The midterms will serve as a critical proving ground for Trump, who has cast a long shadow over the Republican Party as he’s used appearances for the nominees he elevated to tease his likely presidential run in 2024.
Appearing in Ohio on Monday night for his hand-picked Senate nominee J.D. Vance, who has been in a surprisingly tight race against Democrat Tim Ryan in a state Trump twice won, the former president said he’d be making a big announcement at his Mar-a-Lago resort on November 15. CNN had previously reported his aides were eyeing the third week of November for a campaign launch – timing that would allow Trump to take credit for GOP successes in the midterms. He’s hoping that a good night for his candidates – including a full slate of election deniers in Arizona – could help him build momentum for a third White House bid.
Ahead of a potential rematch with Trump, Biden’s dragging approval ratings have made him an unwelcome presence on the campaign trail in swing states. He spent election eve rallying in Maryland for Democratic gubernatorial nominee Wes Moore and in New York several days earlier for Democratic Gov. Kathy Hochul.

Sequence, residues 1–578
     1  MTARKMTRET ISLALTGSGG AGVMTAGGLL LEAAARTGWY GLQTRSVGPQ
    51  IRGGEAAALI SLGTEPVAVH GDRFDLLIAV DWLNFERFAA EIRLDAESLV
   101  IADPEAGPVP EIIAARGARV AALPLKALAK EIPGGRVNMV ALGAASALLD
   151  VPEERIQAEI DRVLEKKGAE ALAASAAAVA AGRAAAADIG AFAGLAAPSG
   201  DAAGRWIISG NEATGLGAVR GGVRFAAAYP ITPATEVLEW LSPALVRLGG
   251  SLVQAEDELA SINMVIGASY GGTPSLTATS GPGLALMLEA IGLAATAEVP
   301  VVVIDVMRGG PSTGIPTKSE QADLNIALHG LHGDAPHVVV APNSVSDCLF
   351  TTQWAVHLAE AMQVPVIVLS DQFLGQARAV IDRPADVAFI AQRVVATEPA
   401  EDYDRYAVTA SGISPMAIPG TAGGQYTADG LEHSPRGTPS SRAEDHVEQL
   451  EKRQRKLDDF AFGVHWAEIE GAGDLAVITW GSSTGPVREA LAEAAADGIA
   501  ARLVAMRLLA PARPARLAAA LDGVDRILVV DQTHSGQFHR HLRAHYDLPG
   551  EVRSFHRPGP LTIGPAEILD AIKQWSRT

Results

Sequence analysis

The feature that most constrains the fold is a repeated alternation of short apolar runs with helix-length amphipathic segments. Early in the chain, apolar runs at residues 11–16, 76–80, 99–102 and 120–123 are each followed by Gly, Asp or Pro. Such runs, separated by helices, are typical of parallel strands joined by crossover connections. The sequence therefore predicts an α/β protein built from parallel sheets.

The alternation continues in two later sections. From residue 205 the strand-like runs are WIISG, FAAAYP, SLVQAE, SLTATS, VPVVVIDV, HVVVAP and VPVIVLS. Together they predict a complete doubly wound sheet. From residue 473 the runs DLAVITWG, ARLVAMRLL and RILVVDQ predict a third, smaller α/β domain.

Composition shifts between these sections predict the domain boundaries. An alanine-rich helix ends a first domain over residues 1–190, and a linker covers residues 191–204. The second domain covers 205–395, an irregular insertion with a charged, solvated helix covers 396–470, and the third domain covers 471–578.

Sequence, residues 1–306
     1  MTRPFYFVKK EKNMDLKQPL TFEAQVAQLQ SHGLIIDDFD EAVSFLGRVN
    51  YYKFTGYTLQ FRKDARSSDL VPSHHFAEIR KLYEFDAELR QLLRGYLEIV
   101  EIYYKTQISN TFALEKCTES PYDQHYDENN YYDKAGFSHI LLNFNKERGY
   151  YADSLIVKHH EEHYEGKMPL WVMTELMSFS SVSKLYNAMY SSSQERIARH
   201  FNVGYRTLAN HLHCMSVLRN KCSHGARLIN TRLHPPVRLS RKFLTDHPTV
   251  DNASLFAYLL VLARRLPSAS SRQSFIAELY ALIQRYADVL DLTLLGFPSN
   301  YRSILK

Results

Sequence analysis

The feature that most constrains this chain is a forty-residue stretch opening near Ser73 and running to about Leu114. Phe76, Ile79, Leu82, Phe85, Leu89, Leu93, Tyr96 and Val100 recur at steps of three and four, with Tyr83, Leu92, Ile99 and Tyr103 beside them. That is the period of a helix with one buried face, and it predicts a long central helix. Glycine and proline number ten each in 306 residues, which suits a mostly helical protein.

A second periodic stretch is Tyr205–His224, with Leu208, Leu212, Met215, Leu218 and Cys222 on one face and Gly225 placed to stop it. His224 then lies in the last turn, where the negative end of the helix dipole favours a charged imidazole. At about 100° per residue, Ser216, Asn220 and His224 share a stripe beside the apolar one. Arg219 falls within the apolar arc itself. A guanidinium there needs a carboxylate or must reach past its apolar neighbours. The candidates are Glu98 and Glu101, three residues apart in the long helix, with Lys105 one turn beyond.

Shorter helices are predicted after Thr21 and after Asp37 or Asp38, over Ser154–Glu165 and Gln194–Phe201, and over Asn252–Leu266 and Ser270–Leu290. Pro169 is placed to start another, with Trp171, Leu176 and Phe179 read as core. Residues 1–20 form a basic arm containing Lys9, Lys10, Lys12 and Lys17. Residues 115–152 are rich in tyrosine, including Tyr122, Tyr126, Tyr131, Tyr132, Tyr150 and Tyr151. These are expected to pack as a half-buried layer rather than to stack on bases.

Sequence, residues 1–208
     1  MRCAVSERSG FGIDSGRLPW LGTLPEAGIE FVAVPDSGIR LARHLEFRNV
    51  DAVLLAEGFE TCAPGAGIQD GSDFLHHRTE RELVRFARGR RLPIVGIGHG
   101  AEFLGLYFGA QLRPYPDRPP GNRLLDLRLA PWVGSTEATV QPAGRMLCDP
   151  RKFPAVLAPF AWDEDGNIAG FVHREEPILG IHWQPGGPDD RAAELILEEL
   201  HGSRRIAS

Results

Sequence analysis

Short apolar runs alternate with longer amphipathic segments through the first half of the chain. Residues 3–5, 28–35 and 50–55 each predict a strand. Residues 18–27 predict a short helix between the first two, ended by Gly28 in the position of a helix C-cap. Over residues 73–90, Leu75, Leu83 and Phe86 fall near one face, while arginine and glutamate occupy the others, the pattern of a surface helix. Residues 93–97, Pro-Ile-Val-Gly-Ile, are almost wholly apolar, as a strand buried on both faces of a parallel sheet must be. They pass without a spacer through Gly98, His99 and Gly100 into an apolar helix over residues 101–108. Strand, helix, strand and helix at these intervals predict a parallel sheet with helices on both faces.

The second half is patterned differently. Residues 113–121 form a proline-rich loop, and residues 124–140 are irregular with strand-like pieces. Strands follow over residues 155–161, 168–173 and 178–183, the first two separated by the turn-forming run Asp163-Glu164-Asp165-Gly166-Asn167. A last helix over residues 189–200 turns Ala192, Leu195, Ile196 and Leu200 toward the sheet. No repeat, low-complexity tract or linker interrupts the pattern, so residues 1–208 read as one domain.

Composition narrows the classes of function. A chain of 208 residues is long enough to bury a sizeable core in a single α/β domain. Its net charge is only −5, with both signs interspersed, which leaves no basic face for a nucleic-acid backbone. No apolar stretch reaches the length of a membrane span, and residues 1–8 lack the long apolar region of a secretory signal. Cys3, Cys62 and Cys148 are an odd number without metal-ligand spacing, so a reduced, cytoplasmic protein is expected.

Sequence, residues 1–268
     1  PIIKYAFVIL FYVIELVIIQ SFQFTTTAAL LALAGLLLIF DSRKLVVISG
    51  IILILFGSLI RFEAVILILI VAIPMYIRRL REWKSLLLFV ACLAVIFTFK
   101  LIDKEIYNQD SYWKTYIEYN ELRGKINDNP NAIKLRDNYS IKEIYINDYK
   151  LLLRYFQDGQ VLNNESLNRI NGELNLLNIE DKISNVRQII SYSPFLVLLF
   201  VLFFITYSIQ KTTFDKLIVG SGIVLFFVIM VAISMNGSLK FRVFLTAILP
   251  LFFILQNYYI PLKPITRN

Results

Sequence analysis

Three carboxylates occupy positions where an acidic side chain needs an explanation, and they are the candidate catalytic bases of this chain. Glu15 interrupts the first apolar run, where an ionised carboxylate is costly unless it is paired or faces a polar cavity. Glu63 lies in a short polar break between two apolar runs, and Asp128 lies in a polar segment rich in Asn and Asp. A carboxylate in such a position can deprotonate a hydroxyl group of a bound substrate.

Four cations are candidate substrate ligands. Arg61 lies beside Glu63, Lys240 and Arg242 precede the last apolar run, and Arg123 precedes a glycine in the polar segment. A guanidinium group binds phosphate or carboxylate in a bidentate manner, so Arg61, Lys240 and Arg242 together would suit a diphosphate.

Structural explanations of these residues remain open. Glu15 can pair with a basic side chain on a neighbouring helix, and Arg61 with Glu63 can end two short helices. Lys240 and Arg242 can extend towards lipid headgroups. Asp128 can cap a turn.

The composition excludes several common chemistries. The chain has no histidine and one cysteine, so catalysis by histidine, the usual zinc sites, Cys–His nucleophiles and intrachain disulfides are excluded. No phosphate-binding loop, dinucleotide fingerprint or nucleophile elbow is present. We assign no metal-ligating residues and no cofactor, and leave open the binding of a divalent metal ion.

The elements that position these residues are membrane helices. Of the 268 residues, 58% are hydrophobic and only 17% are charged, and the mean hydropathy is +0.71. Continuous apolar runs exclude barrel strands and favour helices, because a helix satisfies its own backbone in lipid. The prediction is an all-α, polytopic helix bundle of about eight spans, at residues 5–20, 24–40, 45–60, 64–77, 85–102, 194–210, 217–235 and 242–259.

Republican momentum in the closing stretch of the campaign – especially in the race for the House – has put the White House on notice about the potential coming frustrations of governing in a divided Washington. The GOP has already promised relentless investigations and hearings focusing on the Justice Department, the administration’s border policies, the US withdrawal from Afghanistan and the president’s son, Hunter Biden. In an exclusive interview with CNN on Sunday, House Minority Leader Kevin McCarthy left the door open to beginning impeachment proceedings against the president.
A divided government in Washington could allow Biden to wield his presidential veto to frustrate Republican plans of prolonging Trump-era tax cuts and any attempt to pass a national ban on abortion. But it could also trigger fiscal showdowns and the threats of government shutdowns. A clash could also be looming over raising the debt ceiling.